written by Jess G. Fiedorowicz, Editor-in-Chief, Journal of Psychosomatic Research, May 2019
Psychological Stress and Proteinuria in Children with Nephrotic Syndrome
I’m excited to announce a small but novel study as Editor’s Choice for this quarter’s newsletter of the European Association of Psychosomatic Medicine. Of the many deserving papers that were considered, “A longitudinal study on the effects of psychological stress on proteinuria in childhood steroid-sensitive nephrotic syndrome” by Lianne Bakkum, Agnes Maresa Willemen, Lydia Zoetebier, and Antonio Bouts best piqued my interest with their unique study design and findings that discerned temporal relations between stress and proteinuria in children with nephrotic syndrome . These collaborators from Cambridge UK and Amsterdam, The Netherlands concisely summarize their findings as follows:
Steroid-sensitive nephrotic syndrome (SSNS) in children is often complicated by relapses, as manifested by proteinuria. Besides health-related triggers, stress might be associated with relapse. In a longitudinal study, we examined the relation between children’s subjective stress, stressful events, and proteinuria. Using online diaries (for an average of 124 days), 16 children with SSNS reported daily proteinuria and subjective stress. Stressful days were determined at the start of the study. Perceived stress significantly predicted higher proteinuria; even five days later, and proteinuria was higher on stressful days. While preliminary, our findings suggest that stress may trigger proteinuria in childhood SSNS.
This study was unique in identifying stressful days in advance, mitigating any bias from reporting stressful days after the fact, perhaps influenced by urine results. The study used a high intensity follow-up with daily diaries and proteinuria measures over an average of 124 days to discern the temporal relation between stress and proteinuria. Identified stressful days could include negative or positive events, such as a birthday. Using lagged analyses, they found significant elevations in proteinuria beginning a day before and extending up to five days after stressful events. Moderate effects were observed on the same day and the day following these events with smaller but still significant effects for the day before and from two to five days later. Interestingly, the emotional valence of the stress did not bear on the results. As I noted in a recent editorial, “This innovative study design provided important information on the temporal relationships between stress and proteinuria in this condition, highlighting a role for anticipatory anxiety while also confirming the relevance of both positive (e.g., birthdays) and negative stress .”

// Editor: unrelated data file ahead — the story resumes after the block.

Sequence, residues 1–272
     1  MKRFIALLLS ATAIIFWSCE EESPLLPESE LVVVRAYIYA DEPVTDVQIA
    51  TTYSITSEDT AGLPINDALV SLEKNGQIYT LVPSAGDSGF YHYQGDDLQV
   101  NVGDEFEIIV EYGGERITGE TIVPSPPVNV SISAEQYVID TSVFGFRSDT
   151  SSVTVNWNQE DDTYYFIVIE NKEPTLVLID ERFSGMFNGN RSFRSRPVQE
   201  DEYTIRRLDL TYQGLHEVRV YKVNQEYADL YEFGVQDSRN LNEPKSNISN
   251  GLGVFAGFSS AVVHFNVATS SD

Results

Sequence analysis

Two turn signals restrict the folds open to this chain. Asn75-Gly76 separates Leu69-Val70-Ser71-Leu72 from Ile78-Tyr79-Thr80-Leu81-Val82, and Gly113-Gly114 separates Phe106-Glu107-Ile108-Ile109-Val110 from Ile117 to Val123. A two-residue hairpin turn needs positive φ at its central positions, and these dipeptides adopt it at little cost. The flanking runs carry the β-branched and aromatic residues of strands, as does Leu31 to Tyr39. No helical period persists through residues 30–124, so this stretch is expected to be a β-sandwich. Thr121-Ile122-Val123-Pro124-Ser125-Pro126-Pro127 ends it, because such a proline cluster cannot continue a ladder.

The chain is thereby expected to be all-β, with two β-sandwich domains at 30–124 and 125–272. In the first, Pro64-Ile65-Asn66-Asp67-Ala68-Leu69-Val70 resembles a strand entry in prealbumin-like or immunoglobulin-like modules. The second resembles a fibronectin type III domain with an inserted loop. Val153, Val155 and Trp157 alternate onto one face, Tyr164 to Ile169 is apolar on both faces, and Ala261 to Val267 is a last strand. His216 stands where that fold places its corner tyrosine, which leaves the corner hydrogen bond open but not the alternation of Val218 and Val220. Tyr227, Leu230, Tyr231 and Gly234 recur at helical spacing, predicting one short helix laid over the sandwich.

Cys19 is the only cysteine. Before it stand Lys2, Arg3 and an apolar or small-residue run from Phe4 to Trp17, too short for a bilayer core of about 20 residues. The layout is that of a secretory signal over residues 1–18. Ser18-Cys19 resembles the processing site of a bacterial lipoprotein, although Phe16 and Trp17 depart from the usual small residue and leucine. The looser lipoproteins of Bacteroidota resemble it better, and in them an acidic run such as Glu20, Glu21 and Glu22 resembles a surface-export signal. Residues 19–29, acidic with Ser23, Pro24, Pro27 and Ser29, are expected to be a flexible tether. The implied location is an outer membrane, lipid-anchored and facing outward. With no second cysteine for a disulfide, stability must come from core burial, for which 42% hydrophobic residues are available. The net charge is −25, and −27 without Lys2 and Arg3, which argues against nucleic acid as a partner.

The innovative work of Bakkum et al. was also discussed in an editorial by Federica Picariello, Joseph Chilcot, and Joanna Hudson of King’s College London . They identified this study as the first to proactively assess the relation between stress and SSNS using an intensive prospective design. They also highlighted the focus on children, which introduces several challenges, and kidney disease, which is relatively underrepresented in the stress literature. Picariello et al. cite a definition of stress as “any stimulus or situation that disrupts homeostatic balance.” This can include positive events, such as birthdays, which were included in the analysis of Bakkum et al. Elucidating the timeline for the effects of stress, which includes stress related to anticipatory anxiety, can allow for targeted stress-management interventions for those with SSNS. While the editorial was largely laudatory, the writers did note issues related to missing data and parental reporting. They identify opportunities for future studies using a related designs to address these gaps.
The Journal of Psychosomatic Research is very interested in any such longitudinal studies. We even have a special issue on “Intensive longitudinal research methods in psychosomatic research” led by guest editors Eva Ceulemans and Judith Rosmalen. This special issue will focus on novel measurement approaches in daily life, including ecological momentary assessments, and innovative analytical methodologies, such as time series analyses and network models. For more information on this special issue, please visit https://www.journals.elsevier.com/journal-of-psychosomatic-research/call-for-papers/special-issue-call-for-papers-time-series-methods.
References: L. Bakkum, A.M. Willemen, L. Zoetebier, A.H. Bouts, A longitudinal study on the effects of psychological stress on proteinuria in childhood steroid-sensitive nephrotic syndrome, J Psychosom Res (2019).  J.G. Fiedorowicz, Integrating psychosomatic care across settings and specialties, J Psychosom Res (2019).  F. Picariello, J. Chilcot, J.L. Hudson, Re: Bakkum et al. “Effects of psychological stress on proteinuria in childhood steroid-sensitive nephrotic syndrome”, J Psychosom Res (2019).